On August 21st, with Ramadan beginning in most countries the following day, President Obama issued a Ramadan message to Muslim communities around the world. This is another gesture by the President to work on the relations between the United States and Muslims worldwide. For me, though, this message was unique. Growing up as a Muslim American, Ramadan was never formally recognized by the larger American community, except on a local level. President Obama’s more visible efforts to fully incorporate the Muslim American community have led to more awareness–positive awareness, I should say–of Islam and the commonalities that it shares with other faiths.
The question of marriage outside of one’s faith is not specific to any one religion. Each religion, I am sure, encourages adherents to marry within the faith. Yet while this is true across faiths, and even cultures, Islam is often singled out in a negative light. It seems that there are many who are willing to listen to critiques of Islam that show it to be backwards, oppressive, and intolerant without considering the viewpoints of the adherents and without considering its history and diversity. As a case in point, I want to focus on the issue of marriage in Islam, specifically on Asra Nomani’s article “My Big Fat Muslim Wedding” in Marie Claire, G. Willow Wilson’s response, and the recent Doha Debate on whether a Muslim woman should be allowed to marry anyone she chooses, in which Nomani appeared. Continue reading
A few weeks back, I reviewed the “To the Best of Our Knowledge” show “Reclaiming Islam” on which Christopher Caldwell discussed his most recent book, Reflections on the Revolution in Europe: Immigration, Islam, and the West. What Caldwell said during the short segment was not entirely representative of the larger message in the book. However, my own reading of his argument was incredibly skewed and, well, wrong. On Thursday, August 13th, Christopher Caldwell joined Here on Earth to talk in more depth about the book and the issue of Muslims in Europe. In preparation for the show, I had a chance to read the book and understand his argument more fully. Continue reading
It is interesting how the context you grow up in can determine a lot of what you come to learn in your life. Growing up in a Sunni family and mostly Sunni community, I knew very little about Iran except that it was a Muslim country–Shia predominantly, near Iraq, and that the language spoken was Farsi and not Arabic. Although I grew up in a very diverse community, I did not come to meet many Iranians. When I look back at it now, it seems to me that part of the reason that I am not familiar with that part of the Muslim world is that in some ways it was always distant.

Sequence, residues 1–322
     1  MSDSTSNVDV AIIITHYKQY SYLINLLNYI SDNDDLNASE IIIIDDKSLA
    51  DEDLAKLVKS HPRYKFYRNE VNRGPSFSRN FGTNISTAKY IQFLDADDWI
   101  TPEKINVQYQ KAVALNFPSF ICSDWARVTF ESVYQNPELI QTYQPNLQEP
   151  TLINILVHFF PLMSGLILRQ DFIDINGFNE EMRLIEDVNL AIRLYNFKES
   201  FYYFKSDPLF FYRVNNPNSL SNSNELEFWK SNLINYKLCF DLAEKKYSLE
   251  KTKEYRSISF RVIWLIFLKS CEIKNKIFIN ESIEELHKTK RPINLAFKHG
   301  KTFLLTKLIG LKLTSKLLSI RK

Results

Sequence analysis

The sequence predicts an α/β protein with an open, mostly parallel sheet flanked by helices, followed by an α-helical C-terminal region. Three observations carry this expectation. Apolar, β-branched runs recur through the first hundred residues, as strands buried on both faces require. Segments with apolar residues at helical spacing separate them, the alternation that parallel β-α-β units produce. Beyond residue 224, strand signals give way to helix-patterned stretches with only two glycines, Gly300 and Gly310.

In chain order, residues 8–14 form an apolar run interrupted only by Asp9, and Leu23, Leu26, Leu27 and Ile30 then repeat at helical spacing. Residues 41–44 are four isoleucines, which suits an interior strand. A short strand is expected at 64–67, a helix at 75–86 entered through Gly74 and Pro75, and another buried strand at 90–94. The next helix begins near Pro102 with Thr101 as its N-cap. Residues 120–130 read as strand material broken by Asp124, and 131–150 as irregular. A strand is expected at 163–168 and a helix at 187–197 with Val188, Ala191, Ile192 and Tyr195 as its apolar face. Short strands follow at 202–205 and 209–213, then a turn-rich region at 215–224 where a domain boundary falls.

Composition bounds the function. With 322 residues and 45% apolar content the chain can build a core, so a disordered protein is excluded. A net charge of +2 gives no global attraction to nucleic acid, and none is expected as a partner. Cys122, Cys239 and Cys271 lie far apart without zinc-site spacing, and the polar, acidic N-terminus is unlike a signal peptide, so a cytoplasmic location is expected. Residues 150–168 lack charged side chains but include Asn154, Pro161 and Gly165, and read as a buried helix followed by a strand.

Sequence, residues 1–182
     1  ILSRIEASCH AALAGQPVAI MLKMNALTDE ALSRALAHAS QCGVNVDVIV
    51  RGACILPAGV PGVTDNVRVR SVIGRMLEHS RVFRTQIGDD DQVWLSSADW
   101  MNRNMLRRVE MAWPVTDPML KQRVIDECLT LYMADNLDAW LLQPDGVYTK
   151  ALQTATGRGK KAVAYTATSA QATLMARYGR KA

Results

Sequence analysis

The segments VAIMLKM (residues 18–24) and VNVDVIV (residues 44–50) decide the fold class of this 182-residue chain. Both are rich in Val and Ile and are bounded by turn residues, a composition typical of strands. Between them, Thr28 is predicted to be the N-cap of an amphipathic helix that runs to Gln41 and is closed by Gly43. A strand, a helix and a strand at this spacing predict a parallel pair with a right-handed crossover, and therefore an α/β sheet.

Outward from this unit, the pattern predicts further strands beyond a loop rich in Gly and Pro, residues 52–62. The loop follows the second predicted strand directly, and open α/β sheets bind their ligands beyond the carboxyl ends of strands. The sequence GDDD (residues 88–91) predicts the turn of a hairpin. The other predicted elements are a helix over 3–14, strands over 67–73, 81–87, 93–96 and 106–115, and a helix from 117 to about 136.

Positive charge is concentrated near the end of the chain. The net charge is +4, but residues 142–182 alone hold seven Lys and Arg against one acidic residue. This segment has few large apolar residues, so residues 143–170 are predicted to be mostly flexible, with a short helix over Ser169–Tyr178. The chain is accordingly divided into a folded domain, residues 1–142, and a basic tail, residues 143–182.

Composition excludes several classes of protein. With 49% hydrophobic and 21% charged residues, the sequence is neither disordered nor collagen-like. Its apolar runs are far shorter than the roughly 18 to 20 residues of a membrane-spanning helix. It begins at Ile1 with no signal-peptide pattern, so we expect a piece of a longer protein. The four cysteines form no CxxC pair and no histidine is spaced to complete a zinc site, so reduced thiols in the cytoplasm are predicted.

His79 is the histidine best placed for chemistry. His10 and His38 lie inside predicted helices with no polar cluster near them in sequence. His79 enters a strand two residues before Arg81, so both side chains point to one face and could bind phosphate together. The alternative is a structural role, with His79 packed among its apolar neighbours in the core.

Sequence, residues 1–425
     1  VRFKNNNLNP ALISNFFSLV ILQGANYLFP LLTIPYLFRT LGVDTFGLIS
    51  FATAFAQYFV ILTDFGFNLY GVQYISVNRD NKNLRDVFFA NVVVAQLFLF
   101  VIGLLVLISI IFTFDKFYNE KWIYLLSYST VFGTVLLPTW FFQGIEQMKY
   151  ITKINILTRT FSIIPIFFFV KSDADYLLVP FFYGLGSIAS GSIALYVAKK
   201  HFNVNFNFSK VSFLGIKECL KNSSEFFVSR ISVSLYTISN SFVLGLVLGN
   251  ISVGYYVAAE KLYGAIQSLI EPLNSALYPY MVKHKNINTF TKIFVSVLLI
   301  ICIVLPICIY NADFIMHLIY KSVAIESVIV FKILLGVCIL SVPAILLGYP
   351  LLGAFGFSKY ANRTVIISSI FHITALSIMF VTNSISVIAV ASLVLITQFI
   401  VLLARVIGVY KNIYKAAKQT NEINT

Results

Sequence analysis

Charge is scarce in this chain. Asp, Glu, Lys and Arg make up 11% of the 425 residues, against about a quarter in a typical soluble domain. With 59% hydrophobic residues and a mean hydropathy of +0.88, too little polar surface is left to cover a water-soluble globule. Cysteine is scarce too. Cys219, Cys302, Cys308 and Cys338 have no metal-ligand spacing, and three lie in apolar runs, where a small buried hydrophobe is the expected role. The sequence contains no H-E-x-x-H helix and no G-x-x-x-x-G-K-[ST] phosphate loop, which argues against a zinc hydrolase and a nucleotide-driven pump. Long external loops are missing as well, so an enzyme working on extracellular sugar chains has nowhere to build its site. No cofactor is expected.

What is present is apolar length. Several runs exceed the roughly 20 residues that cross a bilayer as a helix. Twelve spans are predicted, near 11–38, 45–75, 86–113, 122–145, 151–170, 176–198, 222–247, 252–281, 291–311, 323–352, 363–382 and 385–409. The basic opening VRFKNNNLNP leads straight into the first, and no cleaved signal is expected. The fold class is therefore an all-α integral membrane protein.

With all that is happening in Iran–the elections and post-election protests, I wanted to know more about a part of the world that still remained unfamiliar to me. This past week, I got my chance to learn more about Iran by reading Hooman Majd‘s book The Ayatollah Begs to Differ: The Paradox of Modern Iran. Majd will be joining Here on Earth tomorrow to talk about his book and Iran. Continue reading
Jerusalem, al-Quds in Arabic, is one of the most contested places on earth. The city and its significance to the three Abrahamic faiths cannot be emphasized enough. Sometimes, however, in the midst of the political battles around the Palestinian/Israeli conflict, the importance of the sacred city within Islam is lost. Many people assume that only Mecca and Medina are sacred to Muslims, without realizing that they consider Jerusalem the third holiest of places. I decided to address this issue based on the news of Palestinian families being evicted in East Jerusalem. While the political element is extremely necessary to assessing the situation, I feel that there is always an assumption that Jerusalem is just a political symbol for Muslims, when in fact it is much more than that. Continue reading
Around August 22nd, Ramadan will begin. Ramadan, as I mentioned in an earlier post, is supposed to be a month of fasting, increased reading of the Qur’an, and prayer. In the 20th century, the spirit of Ramadan has taken a different turn in parts of the Muslim world, where commercialism has tapped into the financial potential of the month. This aspect of Ramadan is most obvious in the Middle East where for many Ramadan has become a month of feasting, increased shopping, and parties! In the United States, while there are some companies such as Hallmark which are starting to make greeting cards for Ramadan and Eid ul-Fitr (the holiday marking the end of Ramadan), Ramadan has yet to be as commercialized as Christmas. Continue reading